The war left multitudes of people in the country mentally incapacitated due to prolong exposure to hard drugs as young combatants.

And some 15 years after the war, drug abuse is still rampant. And Freetown is home to some of the cheapest alcoholic drinks, like mostly homemade gin and whisky, contained in sachets you can buy freely from the streets.

The Ebola epidemic killed over 11, 000 people mainly in the three neighboruing countries of Sierra Leone, Liberia and Guinea, with Sierra Leone alone accounting for about 4, 000 of the fatalities.

Nearly the same number of people survived the disease. The effect of the virus in survivors, plus the effect of losing loved ones and livelihoods as a direct result of the epidemic, culminated in a surge in the rate of people suffering from depression, anxiety and post-traumatic stress disorder.

The Sierra Leone Association of Ebola Survivors says many of its members battling trauma and other psychological breakdown resulting from their experiences have been left to fend for themselves.

In 2017, the World Health Organisation (WHO) estimated that some 240, 000 people in the country suffered from depression every year. The Sierra Leone Psychiatric Hospital, the only such facility in the country, is constantly overwhelmed by the inmate population. Located in the east end of Freetown, the center hardly provides services beyond a daily dose of antipsychotic drugs. Some reports indicate that doctors administer expired drugs to the inmates who are kept mostly chained.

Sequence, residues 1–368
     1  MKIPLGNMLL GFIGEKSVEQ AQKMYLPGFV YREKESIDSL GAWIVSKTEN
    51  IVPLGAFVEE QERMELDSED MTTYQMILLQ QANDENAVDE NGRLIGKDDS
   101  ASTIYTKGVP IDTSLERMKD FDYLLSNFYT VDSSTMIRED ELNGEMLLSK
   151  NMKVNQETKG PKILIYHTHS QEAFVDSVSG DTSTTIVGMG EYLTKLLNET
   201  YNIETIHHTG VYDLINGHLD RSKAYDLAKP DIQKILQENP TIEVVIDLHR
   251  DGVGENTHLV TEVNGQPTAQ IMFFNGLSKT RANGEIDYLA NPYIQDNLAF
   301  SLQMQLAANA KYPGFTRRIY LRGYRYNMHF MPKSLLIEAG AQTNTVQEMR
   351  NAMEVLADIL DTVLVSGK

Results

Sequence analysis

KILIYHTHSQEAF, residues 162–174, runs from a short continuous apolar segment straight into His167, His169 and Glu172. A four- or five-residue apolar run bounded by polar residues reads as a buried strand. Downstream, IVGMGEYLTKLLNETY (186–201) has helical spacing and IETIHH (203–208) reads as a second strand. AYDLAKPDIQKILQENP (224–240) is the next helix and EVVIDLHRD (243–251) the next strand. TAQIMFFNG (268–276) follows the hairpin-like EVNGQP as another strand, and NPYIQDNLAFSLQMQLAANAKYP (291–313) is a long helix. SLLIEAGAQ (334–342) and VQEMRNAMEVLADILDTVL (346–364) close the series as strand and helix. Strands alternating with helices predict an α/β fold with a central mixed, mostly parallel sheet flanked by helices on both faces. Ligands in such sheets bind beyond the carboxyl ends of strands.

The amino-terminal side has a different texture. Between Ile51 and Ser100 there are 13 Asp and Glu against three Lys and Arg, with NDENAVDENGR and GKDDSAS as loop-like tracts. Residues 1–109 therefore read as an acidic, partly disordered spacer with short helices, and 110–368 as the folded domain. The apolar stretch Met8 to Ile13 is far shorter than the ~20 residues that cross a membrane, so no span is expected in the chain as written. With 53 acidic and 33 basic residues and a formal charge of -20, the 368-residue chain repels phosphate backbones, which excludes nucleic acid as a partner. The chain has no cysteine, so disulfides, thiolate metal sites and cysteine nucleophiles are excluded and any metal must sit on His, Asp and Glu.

The government recently announced some changes to the management of mental health, with the training of about two dozen nurses who were deployed at hospitals across the country under a WHO-aided programme.

But, said Van den Brink, part of the problem with the country is that the relevant officials are out of tune with the reality on the ground.

And that, she said, is why they are not putting enough money into the mental health sector. She said officials need to visit the psychiatric center to get the real picture of the situation.

Van den Brink also argued that the belief that people seen as beyond redemption, as is the case with many of the mad people found in the streets of Freetown, was an erroneous idea perpetuated by the ill-treatment of these people by society.

Like in almost all health and social issues, many Sierra Leoneans tend to rely on traditional healing measures, which often tend to add to the problems of the patients, mainly because of the unconventional and painful procedures they are subjected to.

Lack of psychosocial support adds to the problem. In Sierra Leone, psychosocial support is available only on short term basis, like during the immediate aftermath of disasters like was seen in the Ebola outbreak and the mudslide disaster.

Van den Brink said this reality calls for academic intervention. She said there was also the need for a whole lot of multidisciplinary team, including a dedicated core of social workers, psychologists, art therapists, as well as an inter-departmental engagement in the health and education sectors to raise awareness about mental health issues.

International bodies and NGOs also need to step up their game in helping in the sector, she added.

“We need to combine the qualitative and the quantitative measures to understand the problem,” she said. “Social workers play a big role. They interact with people a lot. Tap into that and start with them. All they need is opportunity, training and supervision.”